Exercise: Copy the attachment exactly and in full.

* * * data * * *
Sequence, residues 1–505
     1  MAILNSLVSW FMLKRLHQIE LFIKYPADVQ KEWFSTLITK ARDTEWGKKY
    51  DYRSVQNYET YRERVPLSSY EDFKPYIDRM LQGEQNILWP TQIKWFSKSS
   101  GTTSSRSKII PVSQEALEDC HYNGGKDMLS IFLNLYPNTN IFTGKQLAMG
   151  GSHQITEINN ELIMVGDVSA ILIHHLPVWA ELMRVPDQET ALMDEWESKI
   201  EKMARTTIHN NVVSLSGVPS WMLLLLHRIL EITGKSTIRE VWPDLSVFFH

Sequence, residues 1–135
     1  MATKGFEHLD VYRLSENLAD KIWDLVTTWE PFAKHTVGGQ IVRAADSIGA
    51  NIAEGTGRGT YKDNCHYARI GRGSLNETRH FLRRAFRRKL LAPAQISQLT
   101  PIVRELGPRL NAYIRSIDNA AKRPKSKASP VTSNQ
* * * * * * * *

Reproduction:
Sequence, residues 1–505
     1  MAILNSLVSW FMLKRLHQIE LFIKYPADVQ KEWFSTLITK ARDTEWGKKY
    51  DYRSVQNYET YRERVPLSSY EDFKPYIDRM LQGEQNILWP TQIKWFSKSS
   101  GTTSSRSKII PVSQEALEDC HYNGGKDMLS IFLNLYPNTN IFTGKQLAMG
   151  GSHQITEINN ELIMVGDVSA ILIHHLPVWA ELMRVPDQET ALMDEWESKI
   201  EKMARTTIHN NVVSLSGVPS WMLLLLHRIL EITGKSTIRE VWPDLSVFFH

Sequence, residues 1–135
     1  MATKGFEHLD VYRLSENLAD KIWDLVTTWE PFAKHTVGGQ IVRAADSIGA
    51  NIAEGTGRGT YKDNCHYARI GRGSLNETRH FLRRAFRRKL LAPAQISQLT
   101  PIVRELGPRL NAYIRSIDNA AKRPKSKASP VTSNQ